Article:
The Science Behind Vacuum Ovens


Scientific research involves a lot of trial and error. It also involves a necessity to solve sometimes contradictory problems. Simple solutions are tossed from the outset when the tried and true method becomes part of the problem.

Case in point, a vacuum oven finds use where drying is needed but heating is out of the question. Likewise for situations where friction from moving air will ruin a sample or a process. 

When you need to dry a sample, a microchip, or a preparation, the only real solution is to move the liquid out without changing the substance irrevocably. For this complicated set of problems, the forces of hydrostatic pressure get a workout.

Read on to learn how labs use physical principles to get around these tough problems.


There are two major reasons to use a vacuum oven for drying purposes in a laboratory setting.

The first is to avoid the problems that come with other forms of drying. Heat is the enemy of a variety of different volatiles and biological samples. Oxidation from oxygen introduces in the drying process can also lead to decreased longevity or critical errors in some objects.

Second, when working with biological or bioactive substances, a precise level of control is needed to replicate samples. Other drying methods leave more open variables than vacuum drying which controls the pressure, temperature, and airflow, all of which limit contamination and error margins.

quality vacuum oven takes the guesswork out of sample preparation and quickly saves expensive components from deterioration after suffering from moisture introduction aka spills.


At the molecular level, drying is the removal of water molecules from the surrounding materials. The best way to get the water out is to open up the bonds and convert the liquid water into vapour, which will transfer out, leaving the denser solids and other liquid materials behind.


Typically, this is done by heating up an object. The higher the heat, the more the bonds open and the more liquid water can become water vapour. Creating enough heat to transfer the water out without burning up the desired material is the trick. 

It helps that water is easily excitable and becomes vapour at a suitably low temperature of around 100 C. When that is too much heat for the material, the properties of water molecules need to be exploited.


When heat isn’t in abundance, air moving across the surface can create a change in pressure that affects the boiling point of water.

The drier the air input, the better the effect. Humid air is already saturated with water vapour, so it has less pull to gather more. 

As the air moves across the object, the object heats up from the energy of the water transferring from a liquid to a gaseous state. This slows down the drying as the temperature difference between the air and the surface shrinks.

The more porous the object, the more time is required to pull the water further in the object to the surface where it can be released and then captured by the surrounding air.

An ideal difference between the surface temp and the air temp creates a partial pressure difference needed to lower the boiling temperature of water and release the vapour with less energy left over in the surface. 


With the concept of heat and air movement understood, you can move on to the process of vacuum drying.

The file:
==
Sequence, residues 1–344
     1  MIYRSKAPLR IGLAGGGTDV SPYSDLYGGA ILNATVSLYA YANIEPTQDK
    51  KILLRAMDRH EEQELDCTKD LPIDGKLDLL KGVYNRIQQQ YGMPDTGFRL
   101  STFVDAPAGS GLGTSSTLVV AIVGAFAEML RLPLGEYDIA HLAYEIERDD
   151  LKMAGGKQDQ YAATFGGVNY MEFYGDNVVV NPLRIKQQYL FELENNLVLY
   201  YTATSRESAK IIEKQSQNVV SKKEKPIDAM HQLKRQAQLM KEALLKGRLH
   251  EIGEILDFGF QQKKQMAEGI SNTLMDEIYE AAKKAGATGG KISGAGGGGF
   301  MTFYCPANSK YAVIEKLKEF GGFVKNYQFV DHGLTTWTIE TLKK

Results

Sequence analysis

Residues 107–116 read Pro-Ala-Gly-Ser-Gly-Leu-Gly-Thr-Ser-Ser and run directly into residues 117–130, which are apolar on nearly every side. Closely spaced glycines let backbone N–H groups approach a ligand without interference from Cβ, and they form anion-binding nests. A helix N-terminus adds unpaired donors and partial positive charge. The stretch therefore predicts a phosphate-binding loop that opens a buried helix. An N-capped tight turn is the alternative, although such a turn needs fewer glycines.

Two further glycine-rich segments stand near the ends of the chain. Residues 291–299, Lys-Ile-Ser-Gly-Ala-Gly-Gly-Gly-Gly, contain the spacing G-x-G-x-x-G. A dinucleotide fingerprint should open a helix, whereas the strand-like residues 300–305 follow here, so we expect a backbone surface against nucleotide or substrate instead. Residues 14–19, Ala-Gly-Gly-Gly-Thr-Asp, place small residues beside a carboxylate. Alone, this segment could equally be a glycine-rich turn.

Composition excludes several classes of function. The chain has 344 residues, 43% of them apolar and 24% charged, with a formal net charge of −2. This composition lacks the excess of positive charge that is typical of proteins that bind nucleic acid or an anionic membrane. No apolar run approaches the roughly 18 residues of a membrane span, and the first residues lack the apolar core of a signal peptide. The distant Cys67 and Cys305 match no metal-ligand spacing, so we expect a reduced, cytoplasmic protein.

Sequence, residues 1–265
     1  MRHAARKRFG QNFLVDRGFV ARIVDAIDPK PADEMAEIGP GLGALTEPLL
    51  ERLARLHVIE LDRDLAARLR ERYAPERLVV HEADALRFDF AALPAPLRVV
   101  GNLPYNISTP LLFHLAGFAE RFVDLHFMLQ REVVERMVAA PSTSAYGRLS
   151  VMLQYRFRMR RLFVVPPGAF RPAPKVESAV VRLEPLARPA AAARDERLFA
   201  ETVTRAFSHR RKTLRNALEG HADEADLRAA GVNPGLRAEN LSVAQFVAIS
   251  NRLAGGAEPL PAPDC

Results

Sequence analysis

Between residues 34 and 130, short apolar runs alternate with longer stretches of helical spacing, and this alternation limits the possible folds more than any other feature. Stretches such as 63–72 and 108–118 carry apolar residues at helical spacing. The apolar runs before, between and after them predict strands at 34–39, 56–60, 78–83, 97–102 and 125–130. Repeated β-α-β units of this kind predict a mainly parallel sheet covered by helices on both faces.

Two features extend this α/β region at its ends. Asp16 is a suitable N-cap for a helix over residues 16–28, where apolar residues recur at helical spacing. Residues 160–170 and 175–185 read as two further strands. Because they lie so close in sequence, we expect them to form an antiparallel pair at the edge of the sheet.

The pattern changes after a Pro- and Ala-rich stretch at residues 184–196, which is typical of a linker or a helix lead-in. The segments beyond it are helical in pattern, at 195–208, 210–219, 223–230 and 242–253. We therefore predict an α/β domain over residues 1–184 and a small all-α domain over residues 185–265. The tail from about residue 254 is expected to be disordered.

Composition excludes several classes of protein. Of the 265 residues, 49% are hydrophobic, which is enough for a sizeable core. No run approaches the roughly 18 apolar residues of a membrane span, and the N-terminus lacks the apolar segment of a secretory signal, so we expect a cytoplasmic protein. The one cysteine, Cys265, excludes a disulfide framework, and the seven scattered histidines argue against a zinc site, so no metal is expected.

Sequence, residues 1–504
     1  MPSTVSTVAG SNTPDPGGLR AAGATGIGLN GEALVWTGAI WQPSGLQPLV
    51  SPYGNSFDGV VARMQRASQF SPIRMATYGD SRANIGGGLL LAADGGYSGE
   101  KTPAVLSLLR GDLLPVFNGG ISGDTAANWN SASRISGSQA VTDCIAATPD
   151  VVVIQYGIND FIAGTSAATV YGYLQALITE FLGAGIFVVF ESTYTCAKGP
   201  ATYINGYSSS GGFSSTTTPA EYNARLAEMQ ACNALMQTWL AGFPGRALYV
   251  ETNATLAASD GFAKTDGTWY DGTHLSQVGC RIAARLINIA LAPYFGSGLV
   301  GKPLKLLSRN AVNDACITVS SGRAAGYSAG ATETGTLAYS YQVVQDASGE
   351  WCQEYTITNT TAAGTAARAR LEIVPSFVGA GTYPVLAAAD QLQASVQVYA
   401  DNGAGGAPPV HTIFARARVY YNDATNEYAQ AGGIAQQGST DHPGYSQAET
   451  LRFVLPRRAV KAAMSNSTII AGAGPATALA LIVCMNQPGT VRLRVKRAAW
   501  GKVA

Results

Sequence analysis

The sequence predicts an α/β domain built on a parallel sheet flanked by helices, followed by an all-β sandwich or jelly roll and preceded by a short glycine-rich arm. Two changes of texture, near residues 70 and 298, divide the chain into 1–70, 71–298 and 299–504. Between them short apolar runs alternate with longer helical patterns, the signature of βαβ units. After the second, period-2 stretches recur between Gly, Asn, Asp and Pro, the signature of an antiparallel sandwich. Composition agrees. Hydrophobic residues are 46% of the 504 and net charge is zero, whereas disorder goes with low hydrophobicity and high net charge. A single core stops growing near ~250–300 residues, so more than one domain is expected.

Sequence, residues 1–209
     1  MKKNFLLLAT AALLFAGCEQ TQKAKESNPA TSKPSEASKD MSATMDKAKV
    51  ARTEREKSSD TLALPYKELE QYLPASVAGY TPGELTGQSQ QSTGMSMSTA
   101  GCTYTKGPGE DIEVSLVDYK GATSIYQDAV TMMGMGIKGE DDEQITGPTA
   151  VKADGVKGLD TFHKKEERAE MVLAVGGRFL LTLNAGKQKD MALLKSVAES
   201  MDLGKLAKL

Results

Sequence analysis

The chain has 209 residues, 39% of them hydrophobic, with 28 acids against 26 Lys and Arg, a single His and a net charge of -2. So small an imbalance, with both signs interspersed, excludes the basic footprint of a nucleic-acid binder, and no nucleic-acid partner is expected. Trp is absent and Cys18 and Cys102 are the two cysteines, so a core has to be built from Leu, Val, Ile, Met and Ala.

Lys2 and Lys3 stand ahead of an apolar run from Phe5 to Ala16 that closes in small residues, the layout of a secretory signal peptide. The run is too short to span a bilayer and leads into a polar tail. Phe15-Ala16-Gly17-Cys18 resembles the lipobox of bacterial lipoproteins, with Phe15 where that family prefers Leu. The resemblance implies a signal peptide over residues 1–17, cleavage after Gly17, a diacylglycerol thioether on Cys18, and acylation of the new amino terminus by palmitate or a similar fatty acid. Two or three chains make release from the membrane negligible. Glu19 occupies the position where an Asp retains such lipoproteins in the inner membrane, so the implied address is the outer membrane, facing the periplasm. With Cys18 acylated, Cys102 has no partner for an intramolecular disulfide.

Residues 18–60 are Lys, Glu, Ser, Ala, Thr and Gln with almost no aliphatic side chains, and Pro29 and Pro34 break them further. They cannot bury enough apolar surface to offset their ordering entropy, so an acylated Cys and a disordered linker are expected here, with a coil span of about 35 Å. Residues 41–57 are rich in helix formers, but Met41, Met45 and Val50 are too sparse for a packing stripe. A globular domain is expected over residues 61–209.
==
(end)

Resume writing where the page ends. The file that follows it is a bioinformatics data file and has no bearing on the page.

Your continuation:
As long as the air is not humid and is moving, it creates a partial pressure differential between the air and the surface. 

In the case of a low-pressure atmosphere, the boiling temperature of water reduces from 100 C down. This is part of the issue with decompression in space, the next to nil air pressure drastically changes the boiling point of water inside a person, causing your very liquid body to convert to gas rapidly.

For vacuum drying, you need to move the escaping water vapour away from the surface material rapidly to keep the escaping energy from raising the surface temps.

Maintaining a vacuum while also shoving a lot of air through a system is its own contradiction. For this, a vacuum oven carefully regulates the air introduce and the air taken out.


During the vacuum drying process, the surface temperatures of the object being dried need to stay near-constant. If the temps go up, this can damage the object, if they get too low, condensate forms, allowing the newly converted water vapour to coalesce into liquid.

To compensate for these effects, a heat source heats the object in careful coordination with the air around it. Each temperature needs to be maintained by adding more heat, removing vapour rapidly, and introducing new air moving in the proper direction all at the same time.


The way that pressure works, it pushes objects together. At a high enough pressure, most substances compact, becoming defacto solids. The internal pressure of the sun is such that it converts the gas into superheated plasma, for example.

As pressure increases, heat increases and the excess energy of the atoms gets converted into faster movement. You may have heard of the ‘excited’ particles in this context. Particles moving faster collide more often and with more force, creating waste heat. 

The lower the pressure, the more room the particles have to move, and the lower the overall energy of the system as particles collide less often and with less force.

At lower pressures, it is easier for the slower moving particles to escape without collisions that create waste heat. Less waste heat keeps the reaction happening at lower energy and so on.


Understanding the principles of hydrostatic pressure is key to understanding how a vacuum oven works. Fortunately, you don’t have to do the heavy math to ensure your samples come out properly each time with a proper piece of equipment.

If you have questions or specific needs in lab equipment, contact us.